National hero Oliver “Tuku” Mtukudzi, one of Zimbabwe’s most renowned and internationally recognised cultural icons of all time remained grounded in his roots despite his fame and fortune.
ZBC Reporter Tapiwa Machemedze visited Tuku’s rural home at Kasimbwi in Shamva District.
Tuku was proud of his roots and often sang about it in some of his songs.
He built his house nearby Katsamvi hill where his parents had built their homestead.
The picturesque grey-thatched house built in the foreground of the stony Katsamvi hill stands out for its splendor in contrast to neighbouring homes.
Portraits of the music superstar hang on the wall together with his wife Daisy as well as a Platinum Award for sales in excess of 50 000 for his 1999 album Tuku Music and a Gold Award for his Greatest Hits album.
Three Kora Music Awards are displayed on a television cabinet along with one NAMA and 2 other awards.
This rural home could make other city homeowners grin with envy.
Seated in the lounge Tuku’s aunt Eunice Mtukudzi is in a sombre mood, tears visible in her eyes along with a few family members.
Born in a family of six children, 2 boys and four girls, Tuku started off playing makeshift drums as a young boy until he became a fatherly figure in the nation, recalls his aunt.
“This was his home, his parents are late, my wish was for his body to be brought to his house, then he can be buried wherever people want him to be buried,” said Aunty Eunice.
Tuku’s young brother Nelson Mtukudzi, who was with him in his early years both at Kasimbwi and Highfield, recalls the early days of Tuku’s music career which started with the Wagon Wheels.
“He was the remaining elder in the family after the death of his young brother Robert. His death is painful. I stayed with him and his father after the death of my father and later he looked after me. He was fond of me and we used to do everything together…,” Nelson said.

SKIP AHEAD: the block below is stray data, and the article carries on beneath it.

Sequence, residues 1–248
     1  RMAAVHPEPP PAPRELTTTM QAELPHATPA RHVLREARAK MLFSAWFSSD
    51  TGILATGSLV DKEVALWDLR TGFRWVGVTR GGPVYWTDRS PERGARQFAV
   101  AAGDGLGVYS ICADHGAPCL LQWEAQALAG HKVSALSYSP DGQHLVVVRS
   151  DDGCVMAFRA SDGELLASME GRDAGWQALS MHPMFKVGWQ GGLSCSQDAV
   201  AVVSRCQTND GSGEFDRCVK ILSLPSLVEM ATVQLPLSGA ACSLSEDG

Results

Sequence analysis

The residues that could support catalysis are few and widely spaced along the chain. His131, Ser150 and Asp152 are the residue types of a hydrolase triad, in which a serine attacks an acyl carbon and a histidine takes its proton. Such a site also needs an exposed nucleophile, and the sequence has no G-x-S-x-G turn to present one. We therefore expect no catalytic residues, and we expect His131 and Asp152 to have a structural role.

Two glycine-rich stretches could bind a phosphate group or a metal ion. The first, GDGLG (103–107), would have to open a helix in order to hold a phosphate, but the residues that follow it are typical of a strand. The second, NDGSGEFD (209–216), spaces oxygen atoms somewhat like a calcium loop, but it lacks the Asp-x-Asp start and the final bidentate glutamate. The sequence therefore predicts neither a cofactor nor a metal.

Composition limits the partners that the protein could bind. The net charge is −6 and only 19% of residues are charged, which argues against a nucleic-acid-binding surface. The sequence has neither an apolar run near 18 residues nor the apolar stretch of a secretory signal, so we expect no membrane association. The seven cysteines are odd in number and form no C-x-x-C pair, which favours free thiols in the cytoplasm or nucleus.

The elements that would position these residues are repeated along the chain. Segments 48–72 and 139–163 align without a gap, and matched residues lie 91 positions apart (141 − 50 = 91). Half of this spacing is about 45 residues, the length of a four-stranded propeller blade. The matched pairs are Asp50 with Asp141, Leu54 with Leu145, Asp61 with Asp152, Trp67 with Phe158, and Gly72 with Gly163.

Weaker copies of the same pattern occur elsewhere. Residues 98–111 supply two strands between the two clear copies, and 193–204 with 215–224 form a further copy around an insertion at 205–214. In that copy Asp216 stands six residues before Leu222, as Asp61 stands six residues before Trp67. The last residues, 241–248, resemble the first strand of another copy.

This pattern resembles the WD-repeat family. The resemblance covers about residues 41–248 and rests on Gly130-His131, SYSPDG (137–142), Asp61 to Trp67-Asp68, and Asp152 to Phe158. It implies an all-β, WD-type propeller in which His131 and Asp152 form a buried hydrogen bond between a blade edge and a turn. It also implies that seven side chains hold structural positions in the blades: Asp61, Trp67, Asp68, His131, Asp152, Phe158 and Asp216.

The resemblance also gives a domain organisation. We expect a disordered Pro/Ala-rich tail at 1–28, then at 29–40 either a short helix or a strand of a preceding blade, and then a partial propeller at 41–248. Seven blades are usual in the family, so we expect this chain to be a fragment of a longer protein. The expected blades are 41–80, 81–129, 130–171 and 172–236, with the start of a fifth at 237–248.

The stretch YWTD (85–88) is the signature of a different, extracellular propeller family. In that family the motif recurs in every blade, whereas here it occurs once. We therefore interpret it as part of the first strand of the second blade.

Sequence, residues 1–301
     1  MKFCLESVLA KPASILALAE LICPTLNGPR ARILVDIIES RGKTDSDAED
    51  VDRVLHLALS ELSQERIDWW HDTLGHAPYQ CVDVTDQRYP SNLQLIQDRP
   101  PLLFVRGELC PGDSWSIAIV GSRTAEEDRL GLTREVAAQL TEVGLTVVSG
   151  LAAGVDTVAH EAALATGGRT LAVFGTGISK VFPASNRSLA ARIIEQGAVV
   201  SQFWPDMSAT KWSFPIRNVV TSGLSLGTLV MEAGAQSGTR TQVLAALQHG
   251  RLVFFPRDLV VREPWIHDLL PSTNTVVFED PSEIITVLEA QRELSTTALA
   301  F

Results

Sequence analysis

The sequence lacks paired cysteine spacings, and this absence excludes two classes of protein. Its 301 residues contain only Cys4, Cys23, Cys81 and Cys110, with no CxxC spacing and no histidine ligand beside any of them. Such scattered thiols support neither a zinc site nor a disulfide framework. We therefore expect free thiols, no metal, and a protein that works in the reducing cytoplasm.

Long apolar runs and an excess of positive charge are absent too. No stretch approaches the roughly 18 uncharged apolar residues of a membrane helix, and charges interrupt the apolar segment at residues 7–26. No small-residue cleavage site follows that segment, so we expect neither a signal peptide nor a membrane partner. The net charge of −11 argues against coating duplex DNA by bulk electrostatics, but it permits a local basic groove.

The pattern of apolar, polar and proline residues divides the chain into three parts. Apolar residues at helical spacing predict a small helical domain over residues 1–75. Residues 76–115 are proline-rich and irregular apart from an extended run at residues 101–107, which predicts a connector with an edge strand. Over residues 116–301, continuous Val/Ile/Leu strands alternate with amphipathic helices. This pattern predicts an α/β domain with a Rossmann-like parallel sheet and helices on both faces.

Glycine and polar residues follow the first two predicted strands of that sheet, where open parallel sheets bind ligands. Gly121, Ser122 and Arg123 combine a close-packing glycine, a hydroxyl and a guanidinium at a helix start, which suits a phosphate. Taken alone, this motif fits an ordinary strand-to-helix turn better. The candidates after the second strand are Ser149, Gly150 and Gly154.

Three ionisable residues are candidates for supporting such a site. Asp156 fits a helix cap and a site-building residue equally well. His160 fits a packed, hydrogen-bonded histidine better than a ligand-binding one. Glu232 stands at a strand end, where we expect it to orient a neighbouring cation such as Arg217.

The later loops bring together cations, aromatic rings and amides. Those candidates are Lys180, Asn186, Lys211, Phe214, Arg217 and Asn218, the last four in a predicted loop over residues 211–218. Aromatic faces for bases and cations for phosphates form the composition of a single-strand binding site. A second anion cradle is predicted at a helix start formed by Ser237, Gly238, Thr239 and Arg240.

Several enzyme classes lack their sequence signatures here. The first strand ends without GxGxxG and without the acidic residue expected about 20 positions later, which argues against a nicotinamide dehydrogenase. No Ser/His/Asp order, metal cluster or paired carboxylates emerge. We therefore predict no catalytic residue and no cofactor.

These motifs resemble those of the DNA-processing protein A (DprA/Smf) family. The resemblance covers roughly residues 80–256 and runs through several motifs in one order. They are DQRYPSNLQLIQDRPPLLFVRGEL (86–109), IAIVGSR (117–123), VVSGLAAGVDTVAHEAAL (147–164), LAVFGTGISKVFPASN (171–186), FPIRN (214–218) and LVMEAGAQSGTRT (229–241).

All the young members of the family have nothing but positive words showing what a down to earth man Tuku was despite his fame and fortune.
Mdhara Tuku and Nzou are the popular names used to describe the superstar at a nearby market stall and at Kasimbwi shops.
Nzou had built a soccer ground and was sponsoring Kasimbwi Stars a social soccer side.
With Tuku gone, all the developments hang in the balance now.
There was even talk of renaming Mupfurudzi School after Mtukudzi but some people resisted.
This place is poorer without Tuku and more so Zimbabwe and Africa for he was a true legend.
The memories will remain forever and it will always be remembered that a legend hailed from this area.
Tuku’s unique dressing
Meanwhile, the legendary national hero is not only remembered for the sweet music he gave the world but also his unique dressing and unique acting skills that made him stand in his own league.
Tuku’s Midas touch was felt on every project he laid his hands on.
In the 1990’s many will remember a number of adverts which were shown on the small screens.
Apart from the comic advert skits, Tuku was also a good actor and for many tears will fall when they watch movies such Jiti and the feature film Neria, a movie which captures how widows suffer from abuse and patriarchy after the passing on of their spouses.
Outside the entertainment circles, Tuku was in his own league as far as dressing is concerned.
The modern Tuku was always wearing an African print shirt sometimes with a matching hat and a cross bag (nhava), typically telling of how he was a proud African.
Like he always said heroes never die, surely his legacy will live on for generations to come.